- Private television stations must adhere to the National Culture Policy and the National Education policy in selecting their programs.
3. Good Governance
- Step up the efforts to curb graft and abuse of powers among public officials.
- Appoint public officials among those who are free from graft, abuse of power and immoral conduct.
- Foster the internalization of Islamic values among civil servants.
- Public officials to make public declaration of their assets.
- Appoint senators among the leaders Islamic NGOs to oversee the implementation of Islamic policies and promote the welfare of Muslims.
4. Civil Society and Democracy
- Ensure that elections are clean, free and fair.
- Select election candidates among those who are of high integrity, good conduct and able.
- Ensure that the government exercises its powers in accordance with the rule of law and the constitution.
- Widen the democratic space in order to allow civil society institutions to contribute to social empowerment and nation building.
5. Inter-Ethnic and Inter-Religious Relations
- Enhance commitment to religious and racial harmony.
- Reject political parties and politicians who disregard special position of Islam in Malaysia and those who advocate the secular understanding of absolute religious freedom.
- Strictly enforce laws on the building of houses of worship irrespective of religions.
- Ensure that the sensitivities of local residents be taken into consideration before a house of worship is built in the area.
- Form a special committee comprising the representatives of Muslim organizations and local authorities to deliberate on applications to build non-Muslim houses of worship in Muslim-majority residential area.
6. Islamic Faith and Morals
- Reject the notion of religious pluralism which claims that all religions are the same.
- Reject the use of specific Islamic terms like “Allah”, “Ka’abah”,”Baitullah” and “Solat” to refer to certain dissimilar concepts in non-Muslim religions.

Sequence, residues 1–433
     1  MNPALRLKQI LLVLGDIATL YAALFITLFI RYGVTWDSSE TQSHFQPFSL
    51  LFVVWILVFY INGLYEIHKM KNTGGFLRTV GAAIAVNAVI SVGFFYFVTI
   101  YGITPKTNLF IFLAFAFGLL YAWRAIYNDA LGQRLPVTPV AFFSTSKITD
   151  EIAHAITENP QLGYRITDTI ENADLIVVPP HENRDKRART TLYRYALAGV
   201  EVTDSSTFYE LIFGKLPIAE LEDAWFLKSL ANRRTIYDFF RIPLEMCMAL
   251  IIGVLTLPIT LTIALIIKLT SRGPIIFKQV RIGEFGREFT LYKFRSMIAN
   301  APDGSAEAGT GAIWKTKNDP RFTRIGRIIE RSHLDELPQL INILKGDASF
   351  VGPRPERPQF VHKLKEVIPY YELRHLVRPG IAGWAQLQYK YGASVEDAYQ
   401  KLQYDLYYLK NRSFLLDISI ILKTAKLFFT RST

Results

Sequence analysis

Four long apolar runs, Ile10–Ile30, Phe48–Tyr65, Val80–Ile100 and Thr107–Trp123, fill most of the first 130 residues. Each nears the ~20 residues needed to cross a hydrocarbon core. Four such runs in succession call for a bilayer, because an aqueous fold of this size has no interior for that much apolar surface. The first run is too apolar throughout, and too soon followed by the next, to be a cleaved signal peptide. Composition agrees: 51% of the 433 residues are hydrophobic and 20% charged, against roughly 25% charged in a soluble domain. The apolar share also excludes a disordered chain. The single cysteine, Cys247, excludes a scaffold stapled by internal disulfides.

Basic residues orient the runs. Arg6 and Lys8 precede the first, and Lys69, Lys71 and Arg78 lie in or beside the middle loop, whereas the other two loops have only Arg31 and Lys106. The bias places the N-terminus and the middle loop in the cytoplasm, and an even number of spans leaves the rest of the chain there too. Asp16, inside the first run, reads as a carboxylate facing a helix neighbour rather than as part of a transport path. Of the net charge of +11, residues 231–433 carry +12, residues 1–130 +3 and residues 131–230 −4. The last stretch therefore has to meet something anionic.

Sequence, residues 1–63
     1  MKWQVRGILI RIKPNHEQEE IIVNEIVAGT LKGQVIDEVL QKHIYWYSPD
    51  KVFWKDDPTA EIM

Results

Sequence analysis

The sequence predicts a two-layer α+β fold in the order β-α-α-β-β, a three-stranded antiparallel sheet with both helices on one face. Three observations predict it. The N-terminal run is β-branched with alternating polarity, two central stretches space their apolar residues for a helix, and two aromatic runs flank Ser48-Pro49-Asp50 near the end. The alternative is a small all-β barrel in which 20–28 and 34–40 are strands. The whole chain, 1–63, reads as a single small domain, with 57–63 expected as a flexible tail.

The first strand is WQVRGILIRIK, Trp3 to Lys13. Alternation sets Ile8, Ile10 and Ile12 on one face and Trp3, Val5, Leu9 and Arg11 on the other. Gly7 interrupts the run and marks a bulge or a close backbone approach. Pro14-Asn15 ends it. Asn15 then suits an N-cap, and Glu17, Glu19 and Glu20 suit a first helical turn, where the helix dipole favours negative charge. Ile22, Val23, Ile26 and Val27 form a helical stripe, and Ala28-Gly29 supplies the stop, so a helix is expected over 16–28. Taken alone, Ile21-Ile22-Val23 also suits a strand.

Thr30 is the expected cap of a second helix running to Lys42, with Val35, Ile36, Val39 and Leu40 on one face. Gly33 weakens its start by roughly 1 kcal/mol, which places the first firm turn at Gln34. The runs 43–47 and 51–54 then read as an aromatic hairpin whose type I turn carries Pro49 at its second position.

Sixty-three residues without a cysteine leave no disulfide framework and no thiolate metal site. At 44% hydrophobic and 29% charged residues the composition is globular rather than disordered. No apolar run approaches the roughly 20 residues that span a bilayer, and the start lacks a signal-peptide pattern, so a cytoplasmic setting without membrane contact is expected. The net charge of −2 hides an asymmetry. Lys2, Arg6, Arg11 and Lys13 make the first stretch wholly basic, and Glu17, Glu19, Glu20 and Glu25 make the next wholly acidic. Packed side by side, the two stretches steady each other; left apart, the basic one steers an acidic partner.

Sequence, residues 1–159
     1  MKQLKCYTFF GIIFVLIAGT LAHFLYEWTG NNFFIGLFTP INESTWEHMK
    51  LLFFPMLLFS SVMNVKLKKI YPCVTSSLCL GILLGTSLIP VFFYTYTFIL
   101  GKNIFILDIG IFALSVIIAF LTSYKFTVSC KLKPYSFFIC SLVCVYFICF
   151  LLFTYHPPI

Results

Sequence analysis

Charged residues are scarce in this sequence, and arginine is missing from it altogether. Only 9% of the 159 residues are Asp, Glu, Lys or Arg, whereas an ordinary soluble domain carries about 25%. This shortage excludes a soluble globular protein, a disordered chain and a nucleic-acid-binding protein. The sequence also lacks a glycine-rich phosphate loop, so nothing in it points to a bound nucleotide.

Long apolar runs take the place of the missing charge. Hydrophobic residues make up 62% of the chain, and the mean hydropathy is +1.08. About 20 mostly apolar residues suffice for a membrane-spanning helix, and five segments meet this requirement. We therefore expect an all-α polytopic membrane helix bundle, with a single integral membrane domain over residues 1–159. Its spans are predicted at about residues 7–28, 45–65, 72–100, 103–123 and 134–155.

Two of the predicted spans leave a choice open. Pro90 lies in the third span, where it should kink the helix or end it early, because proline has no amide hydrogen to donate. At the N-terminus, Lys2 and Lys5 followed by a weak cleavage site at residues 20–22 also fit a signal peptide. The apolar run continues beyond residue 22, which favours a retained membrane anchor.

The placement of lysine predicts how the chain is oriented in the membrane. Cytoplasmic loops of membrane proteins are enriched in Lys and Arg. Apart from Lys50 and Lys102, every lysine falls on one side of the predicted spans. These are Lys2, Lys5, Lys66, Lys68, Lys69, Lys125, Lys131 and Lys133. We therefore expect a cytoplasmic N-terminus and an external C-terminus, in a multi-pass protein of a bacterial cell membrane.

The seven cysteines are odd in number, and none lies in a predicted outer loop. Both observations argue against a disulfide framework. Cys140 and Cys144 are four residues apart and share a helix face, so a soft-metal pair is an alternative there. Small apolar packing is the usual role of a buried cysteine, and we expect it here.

- Increase the number of religious enforcement officers and their level of professionalism.
- Strictly enforce the existing laws on religious and moral crimes.
It is understood that the demands by the Islamic NGOs is a reaction to the demands made by certain other religious groups. Temples and churches group are exerting political presence and it is not only limited to voicing their demands but are participating in the partisan politics to insert their religious agenda. Thus far, incidence of bringing inter-faith issue into the political arena have been detected.
Newton's physical world mantra that every action will result in an equal and opposite reaction. If this is let allowed, it is not conducive to peace and harmony. This is certainly not an encouraging trend because the current interfaith disputes in the court are of legal, administrative and family nature in which the proper platform is not at the political arena. In fact, interfaith issues is best be addressed through concensus and dialogue amongst the familiar and knowledgable.
In the history of man, religion is attributed to more human disputes than even racial issues. Thankfully, Malaysia has never succumbed to any major form of religious unrest and lets keep it so. Taking religious disputes into the open should best be avoided. Lets be judicious in our discussion. Any discussion should be confined among the knowledgable, taking stock of the sensitivity of religion and exercise caution in stretching it to the point of sacrificing inter-community peace and harmony.